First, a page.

There is a long tradition of research on sports and socialization. The roots of this research are grounded in theories that explain the role of play in child development, in Progressive era notions that team sports constituted an environment in which valuable lessons could be learned, and in popular twentieth century assumptions that playing sports was an inherently character building experience.
Empirical studies of socialization and sport were initiated in the 1950s as the first cohort of baby boomers in North America inspired parents as well as developmental experts to seek optimal conditions for teaching children, especially boys, the skills needed to succeed as adults in rapidly expanding, competitive, national and global economies. The structured experiences embodied in competitive sports were seen by many people in Western Europe and North America – especially suburban parents in the United States – to be ideal contexts for adult-controlled socialization of children. It was assumed that sports taught young people lessons about teamwork, competition, achievement, productivity, conformity to rules, and obedience to authority. Consequently, organized youth sports and interscholastic sports grew dramatically, although the pace of this growth varied by nation and regions within nations.
The growth of organized sports for young people sparked questions about the benefits of sport participation and how to attract and retain participation. Those who asked these questions were often associated with organized sport programs, and they usually had vested interests in recruiting participants and promoting their programs by linking sport participation to positive developmental outcomes. Scholars in physical education were the first to use these questions as a basis for research, and their studies were usually designed to examine sport participation as an experience that shaped social and personal development in positive ways. Most of these studies found correlations between sport participation and positive character traits, although research designs were generally flawed and provided little information about the dynamics of specific socialization experiences in sports compared to other activities (Stevenson 1975).
Research on socialization and sport has also been done in psychology and anthropology, as well as sociology. Psychological studies have focused on the socialization effects of sport participation on personality characteristics, moral development, achievement motivation, sense of competence, self esteem, and body image. Anthropological studies have focused on the role of play, games, and sports in the formation of value orientations in particular cultural contexts, especially those in pre industrial societies. Sociological studies, published mostly by scholars in North America, have focused on three main topics: (1) socialization into sport, dealing with the initiation and continuation of sport participation; (2) socialization out of sport, deal ing with termination and changes in sport participation; and (3) socialization through sport, dealing with participation and multiple facets of social development.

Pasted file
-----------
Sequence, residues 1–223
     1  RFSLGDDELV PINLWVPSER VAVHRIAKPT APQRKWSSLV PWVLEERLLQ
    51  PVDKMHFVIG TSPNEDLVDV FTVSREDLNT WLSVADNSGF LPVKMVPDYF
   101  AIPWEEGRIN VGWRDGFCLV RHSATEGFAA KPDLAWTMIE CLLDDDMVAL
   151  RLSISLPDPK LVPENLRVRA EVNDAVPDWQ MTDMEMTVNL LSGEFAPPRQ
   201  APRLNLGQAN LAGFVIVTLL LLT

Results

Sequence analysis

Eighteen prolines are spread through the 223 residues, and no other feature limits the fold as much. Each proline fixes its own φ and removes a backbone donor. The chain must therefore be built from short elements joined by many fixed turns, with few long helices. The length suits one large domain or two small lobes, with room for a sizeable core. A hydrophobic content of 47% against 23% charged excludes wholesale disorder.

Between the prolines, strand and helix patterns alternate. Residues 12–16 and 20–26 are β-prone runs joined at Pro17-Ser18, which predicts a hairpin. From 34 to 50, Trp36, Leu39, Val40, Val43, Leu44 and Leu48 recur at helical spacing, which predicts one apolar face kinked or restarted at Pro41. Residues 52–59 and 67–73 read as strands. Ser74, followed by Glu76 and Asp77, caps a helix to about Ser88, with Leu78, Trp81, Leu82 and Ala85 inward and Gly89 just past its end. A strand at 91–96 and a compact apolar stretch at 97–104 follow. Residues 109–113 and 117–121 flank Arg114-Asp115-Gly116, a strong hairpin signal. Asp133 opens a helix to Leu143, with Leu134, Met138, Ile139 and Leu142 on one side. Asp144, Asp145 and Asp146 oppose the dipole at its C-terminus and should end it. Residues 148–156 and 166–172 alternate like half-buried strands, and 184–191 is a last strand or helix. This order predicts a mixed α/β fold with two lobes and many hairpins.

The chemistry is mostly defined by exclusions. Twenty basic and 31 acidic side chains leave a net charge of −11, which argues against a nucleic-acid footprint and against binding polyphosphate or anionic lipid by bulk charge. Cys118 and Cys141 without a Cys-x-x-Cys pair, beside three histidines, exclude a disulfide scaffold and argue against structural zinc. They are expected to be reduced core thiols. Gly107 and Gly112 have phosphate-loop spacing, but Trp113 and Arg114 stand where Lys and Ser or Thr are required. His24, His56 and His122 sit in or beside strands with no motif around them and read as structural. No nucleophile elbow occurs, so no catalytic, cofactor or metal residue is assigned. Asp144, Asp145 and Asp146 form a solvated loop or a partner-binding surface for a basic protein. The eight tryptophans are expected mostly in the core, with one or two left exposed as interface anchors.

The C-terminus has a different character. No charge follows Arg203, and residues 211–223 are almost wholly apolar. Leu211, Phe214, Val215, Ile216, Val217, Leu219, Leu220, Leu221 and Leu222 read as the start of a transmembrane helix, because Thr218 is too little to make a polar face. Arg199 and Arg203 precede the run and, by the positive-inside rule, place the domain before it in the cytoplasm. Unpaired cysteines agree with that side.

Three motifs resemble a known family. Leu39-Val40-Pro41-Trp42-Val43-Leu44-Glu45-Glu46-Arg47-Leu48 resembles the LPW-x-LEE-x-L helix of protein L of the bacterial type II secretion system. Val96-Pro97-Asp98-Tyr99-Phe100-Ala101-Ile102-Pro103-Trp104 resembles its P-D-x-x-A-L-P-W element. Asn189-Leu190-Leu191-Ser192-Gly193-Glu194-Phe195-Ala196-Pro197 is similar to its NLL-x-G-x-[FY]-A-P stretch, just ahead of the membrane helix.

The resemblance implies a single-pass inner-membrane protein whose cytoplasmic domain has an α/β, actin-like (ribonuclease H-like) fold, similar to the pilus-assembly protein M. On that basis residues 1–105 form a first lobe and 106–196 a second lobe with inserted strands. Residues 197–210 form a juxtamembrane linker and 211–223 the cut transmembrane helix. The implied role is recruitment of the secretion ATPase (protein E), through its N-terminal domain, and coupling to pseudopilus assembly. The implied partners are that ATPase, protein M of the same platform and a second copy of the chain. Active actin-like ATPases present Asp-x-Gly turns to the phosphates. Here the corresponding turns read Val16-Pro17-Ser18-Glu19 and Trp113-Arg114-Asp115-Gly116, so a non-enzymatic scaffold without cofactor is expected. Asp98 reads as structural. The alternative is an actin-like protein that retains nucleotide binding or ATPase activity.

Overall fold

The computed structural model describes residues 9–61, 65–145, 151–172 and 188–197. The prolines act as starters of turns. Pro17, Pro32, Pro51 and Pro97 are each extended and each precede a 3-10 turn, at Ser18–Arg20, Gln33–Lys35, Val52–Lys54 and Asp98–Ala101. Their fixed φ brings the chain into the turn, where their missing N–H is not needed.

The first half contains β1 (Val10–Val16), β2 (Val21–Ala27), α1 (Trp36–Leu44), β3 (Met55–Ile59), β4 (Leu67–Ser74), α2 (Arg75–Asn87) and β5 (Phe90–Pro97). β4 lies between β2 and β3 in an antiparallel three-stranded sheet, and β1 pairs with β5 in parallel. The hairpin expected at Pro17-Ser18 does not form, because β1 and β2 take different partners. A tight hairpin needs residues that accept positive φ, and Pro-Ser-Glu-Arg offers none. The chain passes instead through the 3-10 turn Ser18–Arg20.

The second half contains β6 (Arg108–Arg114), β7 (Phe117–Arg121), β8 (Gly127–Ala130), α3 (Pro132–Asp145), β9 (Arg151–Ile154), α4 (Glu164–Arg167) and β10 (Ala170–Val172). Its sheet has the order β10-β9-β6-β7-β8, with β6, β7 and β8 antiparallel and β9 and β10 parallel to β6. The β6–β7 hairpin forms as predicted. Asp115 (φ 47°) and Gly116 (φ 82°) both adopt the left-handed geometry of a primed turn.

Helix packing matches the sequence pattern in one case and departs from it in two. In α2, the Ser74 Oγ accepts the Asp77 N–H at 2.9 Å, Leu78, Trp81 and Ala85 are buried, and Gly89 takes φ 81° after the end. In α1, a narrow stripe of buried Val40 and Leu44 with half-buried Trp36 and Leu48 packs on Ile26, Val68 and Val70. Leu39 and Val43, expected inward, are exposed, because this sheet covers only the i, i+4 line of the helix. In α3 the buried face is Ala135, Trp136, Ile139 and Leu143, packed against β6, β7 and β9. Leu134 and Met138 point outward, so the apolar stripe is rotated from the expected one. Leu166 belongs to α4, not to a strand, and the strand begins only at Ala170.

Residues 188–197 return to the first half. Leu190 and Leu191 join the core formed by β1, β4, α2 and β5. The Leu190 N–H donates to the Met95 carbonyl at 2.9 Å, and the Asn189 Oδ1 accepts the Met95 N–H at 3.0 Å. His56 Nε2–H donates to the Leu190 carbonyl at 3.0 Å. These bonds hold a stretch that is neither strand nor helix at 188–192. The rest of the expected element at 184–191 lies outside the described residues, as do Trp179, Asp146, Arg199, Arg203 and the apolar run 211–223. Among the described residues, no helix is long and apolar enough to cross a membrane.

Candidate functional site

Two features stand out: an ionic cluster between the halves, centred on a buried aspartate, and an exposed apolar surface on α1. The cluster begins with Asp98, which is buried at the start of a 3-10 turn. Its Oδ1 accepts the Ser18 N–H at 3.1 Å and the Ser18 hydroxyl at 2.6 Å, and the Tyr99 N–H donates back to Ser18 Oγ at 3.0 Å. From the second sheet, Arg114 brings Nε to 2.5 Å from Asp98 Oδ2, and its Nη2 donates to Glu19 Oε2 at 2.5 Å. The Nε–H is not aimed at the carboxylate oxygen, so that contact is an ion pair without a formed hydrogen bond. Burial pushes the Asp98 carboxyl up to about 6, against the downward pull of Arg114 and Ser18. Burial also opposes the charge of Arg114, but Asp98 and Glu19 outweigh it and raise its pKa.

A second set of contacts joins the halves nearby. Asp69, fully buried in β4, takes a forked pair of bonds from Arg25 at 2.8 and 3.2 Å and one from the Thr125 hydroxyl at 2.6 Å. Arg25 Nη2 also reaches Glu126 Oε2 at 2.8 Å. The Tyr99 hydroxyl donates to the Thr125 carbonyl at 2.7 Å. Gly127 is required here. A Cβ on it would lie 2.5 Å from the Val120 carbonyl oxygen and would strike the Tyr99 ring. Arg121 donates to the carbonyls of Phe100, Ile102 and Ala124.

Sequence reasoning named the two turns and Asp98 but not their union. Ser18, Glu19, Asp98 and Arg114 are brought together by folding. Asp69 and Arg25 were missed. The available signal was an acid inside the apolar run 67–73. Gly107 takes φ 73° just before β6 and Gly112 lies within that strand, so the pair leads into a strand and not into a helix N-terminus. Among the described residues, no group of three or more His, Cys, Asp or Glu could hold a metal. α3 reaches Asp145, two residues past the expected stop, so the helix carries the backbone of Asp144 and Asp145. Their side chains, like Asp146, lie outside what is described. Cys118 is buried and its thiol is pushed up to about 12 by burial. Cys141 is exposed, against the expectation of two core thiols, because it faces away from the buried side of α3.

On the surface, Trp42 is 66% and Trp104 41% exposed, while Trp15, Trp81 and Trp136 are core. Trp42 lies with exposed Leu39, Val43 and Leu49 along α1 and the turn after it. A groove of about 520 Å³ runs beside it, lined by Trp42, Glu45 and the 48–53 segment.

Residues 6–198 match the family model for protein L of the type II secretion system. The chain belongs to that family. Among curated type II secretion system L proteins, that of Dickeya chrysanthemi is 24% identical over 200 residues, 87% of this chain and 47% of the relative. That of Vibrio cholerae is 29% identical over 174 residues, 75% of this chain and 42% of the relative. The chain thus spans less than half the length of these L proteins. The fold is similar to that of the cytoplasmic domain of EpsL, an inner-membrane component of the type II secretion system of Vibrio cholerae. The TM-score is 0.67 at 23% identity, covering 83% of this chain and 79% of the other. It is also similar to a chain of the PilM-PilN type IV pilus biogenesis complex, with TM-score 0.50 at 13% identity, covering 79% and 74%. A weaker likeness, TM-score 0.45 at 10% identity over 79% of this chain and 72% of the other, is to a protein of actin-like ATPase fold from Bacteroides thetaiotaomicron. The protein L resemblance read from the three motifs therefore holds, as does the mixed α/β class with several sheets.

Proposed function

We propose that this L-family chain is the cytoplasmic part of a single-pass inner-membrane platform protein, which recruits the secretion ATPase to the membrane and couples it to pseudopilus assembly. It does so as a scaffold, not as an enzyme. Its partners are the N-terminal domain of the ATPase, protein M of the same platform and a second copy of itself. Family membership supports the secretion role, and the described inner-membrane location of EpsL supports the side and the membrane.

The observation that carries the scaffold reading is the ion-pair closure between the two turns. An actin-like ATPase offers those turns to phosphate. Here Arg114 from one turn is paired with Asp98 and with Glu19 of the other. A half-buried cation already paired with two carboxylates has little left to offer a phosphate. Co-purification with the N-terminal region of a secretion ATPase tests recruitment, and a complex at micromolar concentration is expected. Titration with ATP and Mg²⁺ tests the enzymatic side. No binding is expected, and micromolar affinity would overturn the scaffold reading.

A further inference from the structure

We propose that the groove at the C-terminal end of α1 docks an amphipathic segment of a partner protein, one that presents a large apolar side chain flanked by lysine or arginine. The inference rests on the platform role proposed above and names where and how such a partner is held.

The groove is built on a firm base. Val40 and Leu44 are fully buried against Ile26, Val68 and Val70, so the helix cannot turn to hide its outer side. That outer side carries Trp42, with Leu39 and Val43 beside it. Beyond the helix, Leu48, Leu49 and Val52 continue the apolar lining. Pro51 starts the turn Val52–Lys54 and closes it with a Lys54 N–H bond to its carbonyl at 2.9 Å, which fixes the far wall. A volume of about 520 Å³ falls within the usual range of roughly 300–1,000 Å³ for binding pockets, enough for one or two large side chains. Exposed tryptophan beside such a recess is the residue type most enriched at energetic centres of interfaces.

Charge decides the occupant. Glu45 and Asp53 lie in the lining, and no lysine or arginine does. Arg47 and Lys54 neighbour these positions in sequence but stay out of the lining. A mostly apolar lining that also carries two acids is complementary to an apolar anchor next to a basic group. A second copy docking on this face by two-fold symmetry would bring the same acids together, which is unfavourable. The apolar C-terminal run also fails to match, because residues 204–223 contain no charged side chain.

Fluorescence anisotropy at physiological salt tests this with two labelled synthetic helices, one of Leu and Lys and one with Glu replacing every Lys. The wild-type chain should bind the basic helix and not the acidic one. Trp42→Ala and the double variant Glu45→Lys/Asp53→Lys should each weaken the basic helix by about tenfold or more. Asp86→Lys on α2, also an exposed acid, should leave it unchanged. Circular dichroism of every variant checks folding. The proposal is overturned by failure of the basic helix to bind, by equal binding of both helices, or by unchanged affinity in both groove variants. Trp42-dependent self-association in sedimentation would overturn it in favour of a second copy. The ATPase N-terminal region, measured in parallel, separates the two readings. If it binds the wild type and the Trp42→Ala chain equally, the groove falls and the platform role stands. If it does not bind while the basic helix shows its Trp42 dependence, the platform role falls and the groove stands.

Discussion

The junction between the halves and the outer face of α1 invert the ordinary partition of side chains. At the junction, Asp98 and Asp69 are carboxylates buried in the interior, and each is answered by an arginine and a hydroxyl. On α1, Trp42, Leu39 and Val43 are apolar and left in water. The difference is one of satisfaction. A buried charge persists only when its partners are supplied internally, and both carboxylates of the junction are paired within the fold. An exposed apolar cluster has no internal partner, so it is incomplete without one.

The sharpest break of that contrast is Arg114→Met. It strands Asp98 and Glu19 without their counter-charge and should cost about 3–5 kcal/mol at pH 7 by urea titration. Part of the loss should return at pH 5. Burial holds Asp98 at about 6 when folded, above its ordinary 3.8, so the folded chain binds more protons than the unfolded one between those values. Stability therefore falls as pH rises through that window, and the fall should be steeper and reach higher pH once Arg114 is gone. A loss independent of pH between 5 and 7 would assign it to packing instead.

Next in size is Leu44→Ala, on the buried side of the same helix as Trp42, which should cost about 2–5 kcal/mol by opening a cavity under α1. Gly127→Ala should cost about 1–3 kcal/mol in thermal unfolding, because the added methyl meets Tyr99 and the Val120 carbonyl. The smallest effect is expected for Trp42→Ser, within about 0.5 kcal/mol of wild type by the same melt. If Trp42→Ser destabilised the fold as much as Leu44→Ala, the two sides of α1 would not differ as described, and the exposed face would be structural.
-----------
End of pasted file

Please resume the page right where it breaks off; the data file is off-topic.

Through the mid 1980s most sociological research on socialization and sport was grounded in structural functionalism or forms of Marx ism, neo Marxism, and conflict theory. This research was based on the assumption that socialization was a process of role learning through which people internalized values and orientations enabling them to participate in established social systems. It was also based on the assumption that sport was a social institution organized in connection with the social system of which it was a part.
Since the mid 1980s most research has been grounded in a combination of interactionist and critical theories. The approach used in these studies assumes that: (a) human beings are active, self reflective decision makers who define situations and act on the basis of those decisions; (b) socialization is a lifelong process characterized by reciprocity and the interplay of the self conceptions, goals, and resources of all those involved in social interaction; (c) identities, roles, and patterns of social organization are socially constructed through social relations that are influenced by the distribution of power and resources in particular cultural settings; and (d) sports are cultural practices with variable forms and meanings (Coakley 2004).